She crawled through the passage and emerged on a ledge inside a large, seemingly bottomless cavern. Another ledge across the chasm led to an entrance in the far wall. From this, she witnessed several giant humanoids emerge in a single file. Noticing her, they raised their palms towards her, causing her to panic and retreat. Then, a slippery wet creature brushed past her and a violent wind blew inside the underground cavern, snuffing out her candle. The rest of her party was emerging onto the ledge at this point and, terrorised, she insisted they turn back to the Hypogeum, where the guide, seeing her state, gave her a "knowing look".
Eventually, she revisited the Hypogeum only to discover that the tunnel was boarded up and her first guide, seemingly, never existed. The new guide denied everything. This is the story she told.
Truth or legend?
Allegedly, the children were never found but were heard wailing from underground for several weeks in different parts of the island. However, no-one could locate where the sound was coming from. And - adding further to the mystery - none of these so-called witnesses are alive today to explain more.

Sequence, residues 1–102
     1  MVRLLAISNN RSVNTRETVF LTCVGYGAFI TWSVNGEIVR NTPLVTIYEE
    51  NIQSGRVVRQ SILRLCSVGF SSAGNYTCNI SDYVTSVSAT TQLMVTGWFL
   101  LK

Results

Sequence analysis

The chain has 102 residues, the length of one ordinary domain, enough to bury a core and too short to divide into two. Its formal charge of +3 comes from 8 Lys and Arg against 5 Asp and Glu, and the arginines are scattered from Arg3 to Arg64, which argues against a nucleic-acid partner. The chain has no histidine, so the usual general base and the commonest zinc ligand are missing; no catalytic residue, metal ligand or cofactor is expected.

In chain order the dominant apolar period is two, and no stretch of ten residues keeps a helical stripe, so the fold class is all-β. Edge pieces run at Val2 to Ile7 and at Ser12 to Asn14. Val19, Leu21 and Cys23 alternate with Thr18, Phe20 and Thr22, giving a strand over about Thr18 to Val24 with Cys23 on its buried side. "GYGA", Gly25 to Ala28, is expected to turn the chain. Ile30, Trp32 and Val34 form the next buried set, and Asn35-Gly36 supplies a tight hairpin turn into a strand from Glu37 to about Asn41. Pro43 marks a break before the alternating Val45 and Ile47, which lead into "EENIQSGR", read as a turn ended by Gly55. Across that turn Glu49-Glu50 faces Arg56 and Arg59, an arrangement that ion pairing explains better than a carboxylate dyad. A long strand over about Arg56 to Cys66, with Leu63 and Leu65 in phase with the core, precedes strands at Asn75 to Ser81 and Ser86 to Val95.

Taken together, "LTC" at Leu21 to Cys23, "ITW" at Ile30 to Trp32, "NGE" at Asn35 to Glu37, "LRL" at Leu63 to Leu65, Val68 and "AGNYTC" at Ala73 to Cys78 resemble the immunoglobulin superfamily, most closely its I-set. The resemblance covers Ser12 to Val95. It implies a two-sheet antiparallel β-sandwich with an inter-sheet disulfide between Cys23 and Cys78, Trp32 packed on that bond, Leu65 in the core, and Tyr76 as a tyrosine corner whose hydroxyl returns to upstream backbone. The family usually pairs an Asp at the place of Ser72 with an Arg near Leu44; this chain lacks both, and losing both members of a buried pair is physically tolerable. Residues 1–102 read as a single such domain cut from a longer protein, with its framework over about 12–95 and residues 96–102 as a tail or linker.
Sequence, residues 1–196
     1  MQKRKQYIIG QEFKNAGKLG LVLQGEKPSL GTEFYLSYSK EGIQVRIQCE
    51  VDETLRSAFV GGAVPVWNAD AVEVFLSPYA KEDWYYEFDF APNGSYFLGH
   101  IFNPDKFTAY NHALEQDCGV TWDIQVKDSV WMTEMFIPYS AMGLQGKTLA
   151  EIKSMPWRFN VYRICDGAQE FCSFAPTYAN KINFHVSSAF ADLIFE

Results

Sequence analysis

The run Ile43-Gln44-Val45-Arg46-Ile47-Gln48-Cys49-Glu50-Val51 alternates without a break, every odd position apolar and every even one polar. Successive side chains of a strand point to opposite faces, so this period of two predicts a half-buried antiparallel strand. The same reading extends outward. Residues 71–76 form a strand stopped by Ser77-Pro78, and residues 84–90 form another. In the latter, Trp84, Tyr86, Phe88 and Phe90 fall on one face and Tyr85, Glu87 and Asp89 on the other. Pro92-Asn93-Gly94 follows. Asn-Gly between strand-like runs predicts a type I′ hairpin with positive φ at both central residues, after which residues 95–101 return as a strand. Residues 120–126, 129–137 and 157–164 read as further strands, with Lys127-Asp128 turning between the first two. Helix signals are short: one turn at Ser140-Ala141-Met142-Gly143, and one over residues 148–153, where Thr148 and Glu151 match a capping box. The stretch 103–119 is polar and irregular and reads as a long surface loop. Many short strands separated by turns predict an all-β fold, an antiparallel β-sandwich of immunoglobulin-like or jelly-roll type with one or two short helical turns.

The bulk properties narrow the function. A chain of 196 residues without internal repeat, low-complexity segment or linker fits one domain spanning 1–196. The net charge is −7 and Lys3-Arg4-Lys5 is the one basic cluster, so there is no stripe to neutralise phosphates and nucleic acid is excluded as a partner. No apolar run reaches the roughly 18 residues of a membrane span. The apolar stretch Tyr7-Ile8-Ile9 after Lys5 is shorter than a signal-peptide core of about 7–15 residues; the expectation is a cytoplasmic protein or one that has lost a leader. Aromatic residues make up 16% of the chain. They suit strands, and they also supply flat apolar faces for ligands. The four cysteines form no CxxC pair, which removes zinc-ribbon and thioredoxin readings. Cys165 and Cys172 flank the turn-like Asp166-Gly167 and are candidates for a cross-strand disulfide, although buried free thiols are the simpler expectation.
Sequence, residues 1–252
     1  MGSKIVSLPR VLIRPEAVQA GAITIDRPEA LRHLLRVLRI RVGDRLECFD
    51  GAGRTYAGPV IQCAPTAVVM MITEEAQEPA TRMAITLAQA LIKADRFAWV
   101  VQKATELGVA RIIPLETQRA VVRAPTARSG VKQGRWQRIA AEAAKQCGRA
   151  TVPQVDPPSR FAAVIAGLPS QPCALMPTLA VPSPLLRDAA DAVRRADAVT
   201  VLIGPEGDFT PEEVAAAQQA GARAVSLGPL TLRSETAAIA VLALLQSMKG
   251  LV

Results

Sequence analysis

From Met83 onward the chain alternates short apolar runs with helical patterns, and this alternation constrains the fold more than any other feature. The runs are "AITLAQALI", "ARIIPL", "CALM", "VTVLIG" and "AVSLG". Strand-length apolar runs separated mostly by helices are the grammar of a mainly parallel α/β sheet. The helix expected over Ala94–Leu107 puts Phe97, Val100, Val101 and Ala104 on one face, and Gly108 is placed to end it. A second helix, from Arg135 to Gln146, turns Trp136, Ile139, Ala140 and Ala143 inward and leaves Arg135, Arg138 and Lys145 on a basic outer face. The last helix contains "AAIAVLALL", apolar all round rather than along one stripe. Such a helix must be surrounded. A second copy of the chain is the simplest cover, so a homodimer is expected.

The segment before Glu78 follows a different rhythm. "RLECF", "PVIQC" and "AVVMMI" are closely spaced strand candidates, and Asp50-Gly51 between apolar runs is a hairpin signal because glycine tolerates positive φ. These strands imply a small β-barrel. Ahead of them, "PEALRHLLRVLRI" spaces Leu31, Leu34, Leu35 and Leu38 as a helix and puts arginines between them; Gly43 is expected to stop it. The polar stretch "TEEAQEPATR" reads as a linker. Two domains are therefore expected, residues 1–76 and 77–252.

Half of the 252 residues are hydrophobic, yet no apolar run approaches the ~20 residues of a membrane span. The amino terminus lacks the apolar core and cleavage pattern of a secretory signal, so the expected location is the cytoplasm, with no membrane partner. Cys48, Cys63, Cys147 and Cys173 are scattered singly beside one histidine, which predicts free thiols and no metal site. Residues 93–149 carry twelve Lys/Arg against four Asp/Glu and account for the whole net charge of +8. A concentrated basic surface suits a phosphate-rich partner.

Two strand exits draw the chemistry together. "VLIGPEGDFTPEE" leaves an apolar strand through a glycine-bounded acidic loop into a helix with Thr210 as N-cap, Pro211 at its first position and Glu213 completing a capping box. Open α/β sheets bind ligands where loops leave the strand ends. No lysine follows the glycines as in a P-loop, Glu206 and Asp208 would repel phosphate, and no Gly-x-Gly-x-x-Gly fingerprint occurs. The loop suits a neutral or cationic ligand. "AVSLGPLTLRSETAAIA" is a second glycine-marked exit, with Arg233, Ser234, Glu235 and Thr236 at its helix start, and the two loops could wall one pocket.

There's mention of an official story that the children and their teacher had entered a tunnel which had caved in just as the last one made it through. Yet, while there's no evidence of a cave-in, and there are no surviving official news reports, the authorities are striving to 'bust the myth' at the new visitor centre. Could there have been a cover-up? Could there have been an attempt to erase the story of the lost children from collective memory, as if it had never even happened?
Why would Walter and Jessup have made up such a story and in what interest would the Maltese authorities hide its network of underground tunnels? Meanwhile, conspiracy theory or not, the Knights are known to have changed the face of Malta with their forts and palaces; and they had good reason to bury any evidence of previous prominent civilisations on the island before their arrival.
In your opinion, should there be a renewed interest in exploring the foundations of such historic forts and cities and in snooping around Malta’s underground?